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Obstructive sleep apnea (OSA) is associated with increased carotid intima-media thickness (IMT), an early marker of atherosclerosis. Continuous positive airway pressure (CPAP) is the first-line treatment for OSA. A meta-analysis was performed to determine whether CPAP therapy could decrease carotid IMT.
The PubMed, Embase, Web of Science, and Cochrane library were searched before March, 2017. Weighted mean difference (WMD) was calculated to estimate the treatment effects of pre and post-CPAP therapy. Seven studies were examined and the meta-analysis was performed using STATA 12.0.
There was no change of carotid IMT before and after CPAP treatment in OSA patients (WMD = 0.052, 95% confidence interval (CI) = −0.002 to 0.105, z = 1.90, p = 0.057). Meanwhile, meta-analysis of the two RCTs showed that carotid IMT was not changed in CPAP group when compared with control group (WMD = 0.002 95% CI = −0.125 to 0.129, z = 0.03, p = 0.976). Subgroup analyses indicated that carotid IMT was significantly decreased after CPAP use in more severe OSA patients (AHI≥50) (WMD = 0.073, 95% CI = 0.022 to 0.124, z = 2.80, p = 0.005) and patients with therapeutic duration ≥6 months (WMD = 0.121, 95% CI = 0.019 to 0.223, z = 2.32, p = 0.021).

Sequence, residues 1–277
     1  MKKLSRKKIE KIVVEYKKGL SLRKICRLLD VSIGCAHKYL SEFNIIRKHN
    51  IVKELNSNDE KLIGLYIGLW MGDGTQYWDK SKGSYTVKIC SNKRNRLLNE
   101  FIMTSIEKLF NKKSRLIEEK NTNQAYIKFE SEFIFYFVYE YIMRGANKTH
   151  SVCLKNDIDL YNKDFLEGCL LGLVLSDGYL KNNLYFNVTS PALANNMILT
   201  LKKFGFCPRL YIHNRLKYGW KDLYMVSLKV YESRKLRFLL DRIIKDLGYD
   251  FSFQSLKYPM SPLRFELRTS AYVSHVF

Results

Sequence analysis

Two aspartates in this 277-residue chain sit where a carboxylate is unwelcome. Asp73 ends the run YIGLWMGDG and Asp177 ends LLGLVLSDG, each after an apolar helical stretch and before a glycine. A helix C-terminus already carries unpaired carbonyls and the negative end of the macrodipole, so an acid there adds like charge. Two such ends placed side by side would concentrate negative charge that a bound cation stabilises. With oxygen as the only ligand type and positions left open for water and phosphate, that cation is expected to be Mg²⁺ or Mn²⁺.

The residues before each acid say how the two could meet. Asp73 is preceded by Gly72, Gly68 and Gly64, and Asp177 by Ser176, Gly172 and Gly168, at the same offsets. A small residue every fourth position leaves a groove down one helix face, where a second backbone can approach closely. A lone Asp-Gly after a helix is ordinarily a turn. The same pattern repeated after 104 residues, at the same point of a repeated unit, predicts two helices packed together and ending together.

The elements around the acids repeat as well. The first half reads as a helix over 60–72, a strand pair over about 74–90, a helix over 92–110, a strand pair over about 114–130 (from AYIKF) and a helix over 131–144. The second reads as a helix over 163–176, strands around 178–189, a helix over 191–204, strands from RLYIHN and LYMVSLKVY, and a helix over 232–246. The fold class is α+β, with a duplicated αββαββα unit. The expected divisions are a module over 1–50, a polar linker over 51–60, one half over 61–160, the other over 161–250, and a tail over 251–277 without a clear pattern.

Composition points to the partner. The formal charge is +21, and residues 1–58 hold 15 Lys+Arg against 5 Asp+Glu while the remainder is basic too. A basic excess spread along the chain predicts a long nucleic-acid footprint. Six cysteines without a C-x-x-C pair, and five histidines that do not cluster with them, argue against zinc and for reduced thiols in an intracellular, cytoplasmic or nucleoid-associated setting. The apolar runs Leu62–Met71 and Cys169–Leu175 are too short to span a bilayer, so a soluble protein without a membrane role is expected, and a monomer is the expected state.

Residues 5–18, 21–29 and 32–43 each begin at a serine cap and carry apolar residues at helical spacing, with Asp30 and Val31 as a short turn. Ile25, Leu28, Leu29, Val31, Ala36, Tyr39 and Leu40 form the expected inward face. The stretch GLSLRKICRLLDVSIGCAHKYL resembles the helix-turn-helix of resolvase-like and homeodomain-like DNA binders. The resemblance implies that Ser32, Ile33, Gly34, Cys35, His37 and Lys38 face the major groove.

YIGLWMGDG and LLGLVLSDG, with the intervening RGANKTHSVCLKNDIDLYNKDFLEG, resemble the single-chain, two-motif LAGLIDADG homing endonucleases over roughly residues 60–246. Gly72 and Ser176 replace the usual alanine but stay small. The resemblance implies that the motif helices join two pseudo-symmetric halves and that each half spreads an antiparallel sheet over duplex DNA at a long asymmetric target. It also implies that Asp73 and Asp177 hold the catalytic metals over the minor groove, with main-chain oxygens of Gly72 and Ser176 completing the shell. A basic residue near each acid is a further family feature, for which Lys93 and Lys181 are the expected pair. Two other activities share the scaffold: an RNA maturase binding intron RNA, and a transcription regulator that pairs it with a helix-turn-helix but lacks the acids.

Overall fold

CPAP had no impact on carotid IMT in OSA patients. However, carotid IMT was significantly decreased after CPAP treatment in more severe OSA patients and patients with longer CPAP usage.
Obstructive sleep apnea (OSA) is the most common type of sleep disorder characterized by repetitive episodes of partial or complete upper airway obstruction during sleep . It affects 4% of adult men and 2% of adult women . OSA has been shown to be an important independent risk factor for cardiovascular diseases and cognitive impairment [3, 4]. Various different mechanisms are involved in the pathogenesis of cardiovascular disorders and cognitive impairment in OSA patients.
Carotid intima-media thickness (IMT) is defined as the distance between the lumen-intima interface and the media-adventitia interface of the artery wall. Carotid IMT is an early marker of atherosclerosis and predicts future cardiovascular events [5, 6]. Meanwhile, some investigations have suggested that the presence of a severe carotid stenosis or occlusion negatively influences cognitive performances [7, 8]. Many studies have investigated the correlation between OSA and carotid IMT measurements and have demonstrated that severity of OSA is independently related to the carotid IMT [9–11].
Continuous positive airway pressure (CPAP) is currently recognized as the first line therapy of OSA. Previous studies have shown conflicting results on the effect of CPAP on carotid IMT in patients with OSA [12–15]. Some studies demonstrated the favorable effect of CPAP on carotid IMT [12, 13], while others did not [14, 15]. Meta-analysis is a reliable way to address discrepancies between studies; therefore, we conducted a meta-analysis to evaluate the efficacy of CPAP on carotid IMT among patients with OSA.